By Chuck Steege. Everyone was stunned when Liam, the hard-charging chief logistics officer, suffered a heart attack at the pharmaceutical company where he works. While he’s mostly recovered, Liam is retiring on doctor’s orders and has reached out to Margaret, his company’s stock plan administrator.
Liam qualifies for permanent disability, which would allow him to retire sooner than expected. The question remains how to put together the resources – from savings and equity compensation including performance shares — to replace his lost income between his current age of 58 and his pension eligibility age of 62, as well as his qualifying age for Social Security benefits at age 66 and four months.
Margaret is fond of Liam and his wife, Ellie, whom she’s gotten to know at company trips and events. She knows Ellie was shaken to the core by Liam’s heart attack. Now Liam is studying the impact of early retirement on his equity compensation. Margaret knows he has a high level of earned income plus performance shares. His performance shares vest over three years and are subject to an additional two-year post-vest holding period.
Margaret has good news. She informs him of the company’s policy to make a pro rata distribution when termination is caused by retirement, death or disability. This means his shares may vest more quickly than if he was working:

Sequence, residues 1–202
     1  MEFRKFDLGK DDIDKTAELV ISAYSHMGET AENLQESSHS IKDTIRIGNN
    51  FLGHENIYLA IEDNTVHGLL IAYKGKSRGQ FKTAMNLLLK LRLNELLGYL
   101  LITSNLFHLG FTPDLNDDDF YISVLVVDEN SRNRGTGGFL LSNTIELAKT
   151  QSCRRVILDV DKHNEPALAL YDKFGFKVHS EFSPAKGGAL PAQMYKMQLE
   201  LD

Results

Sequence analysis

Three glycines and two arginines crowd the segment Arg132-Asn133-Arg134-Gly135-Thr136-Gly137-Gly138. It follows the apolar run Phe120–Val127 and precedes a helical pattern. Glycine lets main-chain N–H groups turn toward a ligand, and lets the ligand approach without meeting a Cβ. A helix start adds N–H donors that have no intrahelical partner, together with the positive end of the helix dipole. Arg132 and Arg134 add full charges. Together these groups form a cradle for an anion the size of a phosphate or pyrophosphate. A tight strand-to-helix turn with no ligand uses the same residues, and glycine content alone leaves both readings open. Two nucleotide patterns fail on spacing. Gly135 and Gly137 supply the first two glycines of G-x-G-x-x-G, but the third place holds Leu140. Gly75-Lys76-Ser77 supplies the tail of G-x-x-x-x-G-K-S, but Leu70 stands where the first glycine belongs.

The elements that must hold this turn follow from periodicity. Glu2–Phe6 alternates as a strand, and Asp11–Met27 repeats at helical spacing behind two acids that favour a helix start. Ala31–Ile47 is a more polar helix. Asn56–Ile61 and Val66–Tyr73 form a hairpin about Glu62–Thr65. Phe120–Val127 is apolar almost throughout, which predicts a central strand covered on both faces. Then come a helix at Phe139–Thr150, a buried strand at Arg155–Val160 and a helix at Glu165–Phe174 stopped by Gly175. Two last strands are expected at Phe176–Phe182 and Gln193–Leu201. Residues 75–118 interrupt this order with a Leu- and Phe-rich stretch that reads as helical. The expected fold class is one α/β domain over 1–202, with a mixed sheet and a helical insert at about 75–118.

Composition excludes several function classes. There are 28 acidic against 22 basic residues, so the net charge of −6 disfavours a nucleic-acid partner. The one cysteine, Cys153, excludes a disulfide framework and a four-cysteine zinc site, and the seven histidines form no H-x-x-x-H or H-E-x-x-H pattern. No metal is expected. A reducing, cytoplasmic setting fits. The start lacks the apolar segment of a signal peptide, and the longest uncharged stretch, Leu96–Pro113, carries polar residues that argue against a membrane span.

The accelerated vesting is good news to Liam. He confides that he has sufficient assets to retire now, but he’s unsure about the best sources of cash flow and recognizes he needs help in putting a plan together to meet living expenses that is predictable, reliable and effective.
He’s also concerned for Ellie, who needs to understand the financial picture in the event she was left on her own. The couple’s advisor will review their financial picture with Ellie and help her come up to speed on company and personal life insurance and other benefits.
The advisor will develop a plan that matches the timing of cash flows with living expenses.
Do you know your company’s vesting policy and whether it offers exceptions for disability? In this case, Margaret was able to provide the needed clarity before Liam applied for retirement benefits. She also recognized they had an advisor who could help them achieve their objectives. They look forward to a life of travel, family outings and volunteer work now that Liam is feeling better and has time to spend on fulfilling life outside the office.
The name, likeness and circumstances in this example are a fictional composite of facts from executives similar to actual SFG Clients.
Mr. Steege is President of SFG Wealth Planning Services, Inc., SFG Investment Advisors, Inc. (SFG), a fee-only financial planning firm. Founded in 1993, SFG is dedicated to assisting senior executives and their employees with their complex stock-based compensation and planning challenges.